Video Elephant Summit Results in $5M in Pledges, Presidential Support

    Attended and supported by three African presidents, a three-day anti-poaching summit has concluded in Kenya, resulting in $5 million in pledges and a united message to the world that elephants are worth more alive than dead. The summit culminated at the Nairobi National Park with the largest ivory burn in history. VOA’s Jill Craig attended the summit and has this report about the outcomes.

    Video Displaced By War, Syrian Artist Finds Inspiration Abroad

    Saudi-born Syrian painter Mohammad Zaza is among the millions who fled their home for an uncertain future after Syria's civil war broke out. Since fleeing Syria, Zaza has lived in Lebanon, Egypt, Jordan and now Turkey where his latest exhibition, “Earth is Blue like an Orange,” opened in Istanbul. He spoke with VOA about how being displaced by the Syrian civil war has affected the country's artists.

    Video Ethiopia’s Drought Takes Toll on Children

    Ethiopia is dealing with its worst drought in decades, thanks to El Nino weather patterns. An estimated 10 million people urgently need food aid. Six million of them are children, whose development may be compromised without sufficient help, Marthe van der Wolf reports for VOA from the Metahara district.

    Video Little Havana - a Slice of Cuban Culture in Florida

    Hispanic culture permeates everything in Miami’s Little Havana area: elderly men playing dominoes as they discuss politics, cigar rollers deep at work, or Cuban exiles talking with presidential candidates at a Cuban coffee window. With the recent rapprochement between Cuba and United States, one can only expect stronger ties between South Florida and Cuba.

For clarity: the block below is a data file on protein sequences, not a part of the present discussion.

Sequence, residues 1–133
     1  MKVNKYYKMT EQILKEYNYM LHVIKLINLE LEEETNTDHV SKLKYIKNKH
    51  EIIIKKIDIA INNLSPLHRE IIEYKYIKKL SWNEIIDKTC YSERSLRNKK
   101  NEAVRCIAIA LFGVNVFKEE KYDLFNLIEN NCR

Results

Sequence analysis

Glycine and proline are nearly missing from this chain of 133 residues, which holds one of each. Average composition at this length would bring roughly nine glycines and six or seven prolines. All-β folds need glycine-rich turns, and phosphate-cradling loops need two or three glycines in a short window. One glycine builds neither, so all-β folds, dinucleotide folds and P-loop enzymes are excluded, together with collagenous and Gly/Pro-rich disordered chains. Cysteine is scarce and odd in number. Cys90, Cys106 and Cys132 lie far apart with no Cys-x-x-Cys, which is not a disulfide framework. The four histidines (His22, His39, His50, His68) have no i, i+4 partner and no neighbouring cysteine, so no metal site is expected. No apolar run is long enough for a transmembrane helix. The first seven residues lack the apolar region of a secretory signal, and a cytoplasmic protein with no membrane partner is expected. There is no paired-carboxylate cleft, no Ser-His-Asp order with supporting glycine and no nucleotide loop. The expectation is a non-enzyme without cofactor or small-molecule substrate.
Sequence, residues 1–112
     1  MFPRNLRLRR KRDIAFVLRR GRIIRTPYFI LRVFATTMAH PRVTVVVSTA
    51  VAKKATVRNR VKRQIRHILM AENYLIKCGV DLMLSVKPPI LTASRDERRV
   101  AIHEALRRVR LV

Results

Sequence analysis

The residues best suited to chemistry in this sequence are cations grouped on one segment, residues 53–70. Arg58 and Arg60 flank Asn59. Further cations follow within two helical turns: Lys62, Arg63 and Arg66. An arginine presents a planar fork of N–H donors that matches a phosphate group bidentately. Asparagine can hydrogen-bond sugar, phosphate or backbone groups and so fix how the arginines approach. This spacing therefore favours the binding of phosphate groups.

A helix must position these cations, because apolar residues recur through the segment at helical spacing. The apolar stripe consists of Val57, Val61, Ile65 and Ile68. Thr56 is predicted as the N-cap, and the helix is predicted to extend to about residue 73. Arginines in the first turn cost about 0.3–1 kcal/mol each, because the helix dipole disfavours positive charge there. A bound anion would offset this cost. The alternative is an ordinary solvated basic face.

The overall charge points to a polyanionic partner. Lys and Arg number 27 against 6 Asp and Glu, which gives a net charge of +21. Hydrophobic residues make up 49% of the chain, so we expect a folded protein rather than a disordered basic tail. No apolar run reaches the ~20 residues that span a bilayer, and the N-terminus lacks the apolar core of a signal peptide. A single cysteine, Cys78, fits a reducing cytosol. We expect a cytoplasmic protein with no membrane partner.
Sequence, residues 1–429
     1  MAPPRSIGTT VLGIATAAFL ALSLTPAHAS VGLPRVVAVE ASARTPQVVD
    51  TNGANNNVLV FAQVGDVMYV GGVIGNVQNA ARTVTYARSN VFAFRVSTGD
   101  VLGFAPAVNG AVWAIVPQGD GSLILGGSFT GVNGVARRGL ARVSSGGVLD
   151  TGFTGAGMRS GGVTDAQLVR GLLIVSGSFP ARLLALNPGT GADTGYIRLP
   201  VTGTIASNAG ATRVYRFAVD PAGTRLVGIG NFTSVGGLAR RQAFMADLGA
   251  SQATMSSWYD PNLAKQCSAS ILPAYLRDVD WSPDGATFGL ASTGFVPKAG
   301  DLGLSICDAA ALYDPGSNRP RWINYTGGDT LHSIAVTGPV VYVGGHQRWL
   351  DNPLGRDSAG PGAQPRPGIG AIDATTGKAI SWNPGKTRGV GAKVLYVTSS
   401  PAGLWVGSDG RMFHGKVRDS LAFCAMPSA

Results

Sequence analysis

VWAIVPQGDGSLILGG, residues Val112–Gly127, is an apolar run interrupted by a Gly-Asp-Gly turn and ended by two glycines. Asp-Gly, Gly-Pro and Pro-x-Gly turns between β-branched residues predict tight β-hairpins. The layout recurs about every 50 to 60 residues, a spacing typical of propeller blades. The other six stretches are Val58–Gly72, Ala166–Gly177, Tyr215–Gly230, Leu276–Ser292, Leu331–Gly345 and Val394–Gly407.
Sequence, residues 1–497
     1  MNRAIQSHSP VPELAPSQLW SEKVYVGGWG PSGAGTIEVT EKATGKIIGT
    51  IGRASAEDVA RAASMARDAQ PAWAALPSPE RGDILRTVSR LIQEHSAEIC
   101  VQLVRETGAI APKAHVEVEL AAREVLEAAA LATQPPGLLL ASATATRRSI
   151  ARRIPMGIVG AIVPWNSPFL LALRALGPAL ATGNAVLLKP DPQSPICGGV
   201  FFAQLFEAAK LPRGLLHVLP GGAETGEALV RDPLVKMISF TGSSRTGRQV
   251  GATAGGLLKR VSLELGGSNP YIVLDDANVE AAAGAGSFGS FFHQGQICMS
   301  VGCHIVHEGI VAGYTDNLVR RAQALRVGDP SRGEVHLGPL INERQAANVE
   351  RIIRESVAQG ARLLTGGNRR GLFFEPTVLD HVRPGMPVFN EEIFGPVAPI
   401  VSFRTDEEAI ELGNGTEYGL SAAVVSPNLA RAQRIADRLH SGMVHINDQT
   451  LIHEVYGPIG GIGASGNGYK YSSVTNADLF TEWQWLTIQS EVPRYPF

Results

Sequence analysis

Video California Republicans Weigh Presidential Choices Amid Protests

    Republican presidential candidates have been wooing local party leaders in California, a state that could be decisive in selecting the party's nominee for U.S. president. VOA's Mike O’Sullivan reports delegates to the California party convention have been evaluating choices, while front-runner Donald Trump drew hundreds of raucous protesters Friday.

    Video ‘The Lights of Africa’ - Through the Eyes of 54 Artists

    An exhibition bringing together the work of 54 African artists, one from each country, is touring the continent after debuting at COP21 in Paris. Called "Lumières d'Afrique," the show centers on access to electricity and, more figuratively, ideas that enlighten. Emilie Iob reports from Abidjan, the exhibition's first stop.

    Special Report

    Adrift The Invisible African Diaspora